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Introducing Cecil Green

Meet a passionate, driven and multi-talented Black creative as he shares his career experience, passion for design and recommendations to improve the industry for future generations.
Cecil Green Headshot for Spotlight

Introducing Cecil Green, an Interaction Designer at Carrier 

Q: Tell us about yourself and your design career.  

A: My name is Cecil Green and I’m a multi-disciplinary designer with more than 7 years of experience. When I was young, I loved playing with Legos and drawing my favorite cartoon characters. I made a career out of creating things because it has always brought me joy.  

I graduated with a bachelor's degree in architectural science from California Polytechnic State University in 2017. While in college, I studied abroad and had my first internship at a small architecture firm in Copenhagen, Denmark. From 2015 to 2020, I worked at various architecture firms designing everything from high-end residences to mixed-use skyscrapers.   

After a major layoff in 2020, I pivoted into a UX/product design career and started designing an e-learning platform for incarcerated veterans for a small non-profit called Project Reclass. Now, for the last 3 years, I have been an Interaction Designer at Carrier where I design IoT software for connected assets. Although I am no longer practicing architecture, I am 80% done with the licensing process and plan to obtain my professional license within the next year.  

Q: What sparks your passion as a designer? 

A: I have never been able to focus on one thing at a time. So, I consider myself a “jack of all trades, master of none.” Design allows me to use both sides of my brain by combining art, science, strategy, and creativity to solve problems and make people’s lives easier.  

Cecil G Spotlight Spread 1 to accompany article.

Q: Did you experience any obstacles when you started your career in the design industry? 

A: An obstacle I was unprepared for when I entered the field was the consistent lack of Black representation within my working environments and teams. I knew about the lack of diversity in the design industry but to experience it first-hand was eye-opening. It was isolating to not see myself represented in any of my teammates or in leadership and led me to question my place. I’ve built a ton of confidence over the years and learned to embrace that discomfort, but that feeling of isolation still lingers.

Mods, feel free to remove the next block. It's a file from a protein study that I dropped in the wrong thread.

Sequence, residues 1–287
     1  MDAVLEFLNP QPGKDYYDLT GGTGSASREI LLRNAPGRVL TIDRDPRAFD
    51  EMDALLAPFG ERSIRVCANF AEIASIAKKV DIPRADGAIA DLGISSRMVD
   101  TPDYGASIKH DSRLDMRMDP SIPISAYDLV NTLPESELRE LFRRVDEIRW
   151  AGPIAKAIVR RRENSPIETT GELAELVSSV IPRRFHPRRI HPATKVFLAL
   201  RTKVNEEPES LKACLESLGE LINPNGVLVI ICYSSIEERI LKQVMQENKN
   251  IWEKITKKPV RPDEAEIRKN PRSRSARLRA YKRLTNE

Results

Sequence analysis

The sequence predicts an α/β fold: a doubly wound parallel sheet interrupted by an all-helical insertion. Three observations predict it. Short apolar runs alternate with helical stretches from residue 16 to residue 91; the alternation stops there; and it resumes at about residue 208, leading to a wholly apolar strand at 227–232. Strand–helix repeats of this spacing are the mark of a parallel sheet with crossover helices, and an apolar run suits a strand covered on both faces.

My personal experiences are a part of what drives me to continue working alongside the DID Collaborative to increase diverse representation across the industry.  

Q: What advice can you share with aspiring designers who are just starting their careers? 

A: Education is invaluable, but so is real life experience and on-the-job training. Job shadowing, apprenticeship, mentorship, and summer programs can help you better understand how to apply the skills you learn in school. There are seemingly an endless number of genres, sub genres, and job titles within the design industry. So, you can make better and more informed decisions about your career if you explore different positions and work environments early.  

Q: What, if anything, is needed within the design industry to improve the situation for future Black creatives? 

A: Improve representation within the field. Aspiring Black creatives need to see themselves in this profession.  

Expose students to the industry early. Young Black creatives need early exposure to the field to understand the possibilities of a career in design. 

Provide early career support. Black creatives beginning their career need as many hands-on experiences as possible to test out various pathways and better understand where their skills and aspirations can be nurtured. 

Help bridge the gap within the industry. Professional Black designers can do more to help bridge the gap. We each have something to offer younger generations. We should all be using our skills and resources to extend a ladder to future generations. 

Cecil G Spotlight Spread 2 to accompany article.


Posted: DID Team 00:00:00 GMT+0000 (Coordinated Universal Time)

Tags: #blackfutures #BlackHistoryMonth #spotlight

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